Amid the endless fuel scarcity which has been affecting socio-economic activities across the country, the Central Bank of Nigeria (CBN) has revealed that Nigeria spent a total of $12.44 billion on the importation of petroleum products between January and October 2022.
The CBN also stated that the country’s gross federation receipts which stood at N1,178.64 billion at the period under review exceeded the level in September 2022 by 7.0 per cent, but below the target of N1,580.34 billion by 25.4 per cent.
The is contained in the apex bank’s October 2022 Economic Report posted on its website on Wednesday.
The report revealed that petroleum products import gulped $1.24 billion in October and $3.73 billion and $3.26 billion in Q3 2022 and Q2 2022 respectively.
A look at the bank’s economic report for the first quarter (Q1) of 2022, showed that $4.21 billion was spent on petroleum products import.
This means that the country spent a total of $12.44 billion on oil imports in the first 10 months of 2022.
Analysts who spoke to Daily Sun in recent times said although Nigeria is one of Africa’s largest crude oil producers, its inability to revitalise its four refineries with a combined capacity of 445,000 barrels per day (bpd), and efficiently process oil, meant that the country will continue to import petroleum products.
Thus, the figure is very connected to the fact that the country heavily depended on petroleum products import within the period under review.
During the last Monetary Policy Committee meeting in 2022, CBN Governor, Godwin Emefiele, had revealed that the Russia’s invasion of Ukraine on February 24, led to a significant increase in oil prices, with Nigeria being unable to fully benefit from the situation as it spends huge amounts on imported petroleum products annually.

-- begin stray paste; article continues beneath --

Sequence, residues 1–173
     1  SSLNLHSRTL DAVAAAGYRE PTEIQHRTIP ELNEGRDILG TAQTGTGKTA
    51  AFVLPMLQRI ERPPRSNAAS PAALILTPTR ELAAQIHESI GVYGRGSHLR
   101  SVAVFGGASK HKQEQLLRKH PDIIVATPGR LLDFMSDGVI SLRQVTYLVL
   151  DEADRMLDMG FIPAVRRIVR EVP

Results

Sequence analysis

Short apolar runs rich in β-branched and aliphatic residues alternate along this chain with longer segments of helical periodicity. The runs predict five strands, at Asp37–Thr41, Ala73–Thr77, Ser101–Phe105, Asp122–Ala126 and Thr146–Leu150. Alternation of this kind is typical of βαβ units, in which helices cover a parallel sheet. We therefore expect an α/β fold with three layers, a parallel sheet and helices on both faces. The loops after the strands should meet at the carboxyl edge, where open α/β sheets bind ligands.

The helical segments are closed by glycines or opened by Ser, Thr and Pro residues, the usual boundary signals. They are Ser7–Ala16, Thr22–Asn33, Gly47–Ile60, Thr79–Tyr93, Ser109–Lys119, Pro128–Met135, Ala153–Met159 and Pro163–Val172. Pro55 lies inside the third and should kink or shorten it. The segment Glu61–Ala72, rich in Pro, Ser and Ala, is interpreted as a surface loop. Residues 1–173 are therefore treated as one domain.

The bank’s 2022 economic report said; “Higher import bills, particularly, for petroleum products, coupled with rising global prices, pushed merchandise import northward. Consequently, aggregate import increased by 34.9 per cent to $4.64 billion, from $3.44 billion in the preceding month.
The increase in imports was driven by the rise in the import of petroleum products to $1.24 billion, from $0.12 billion in September 2022, to bridge domestic supply gap. Similarly, non-oil import rose by 2.5 per cent to $3.41 billion, from $3.32 billion in the preceding month. In terms of share, non-oil imports accounted for 73.4 per cent, while oil constituted the balance of 26.6 per cent of the total.
Provisional data revealed that merchandise imports fell by 8.9 per cent to $11.36 billion in 2022 Q3, relative to $12.48 billion in the preceding quarter. The development was observed, majorly, in the importation of non-oil products, which declined by 17.3 per cent to $7.63 billion, from $9.22 billion. Conversely, import of petroleum products increased by 14.6 per cent to $3.73 billion from $3.26 billion.
The increase in petroleum products import was to cover domestic supply shortages in the period.
The share of non-oil import remained dominant, accounting for 67.2 per cent of the total, while petroleum products constituted the balance of 32.9 per cent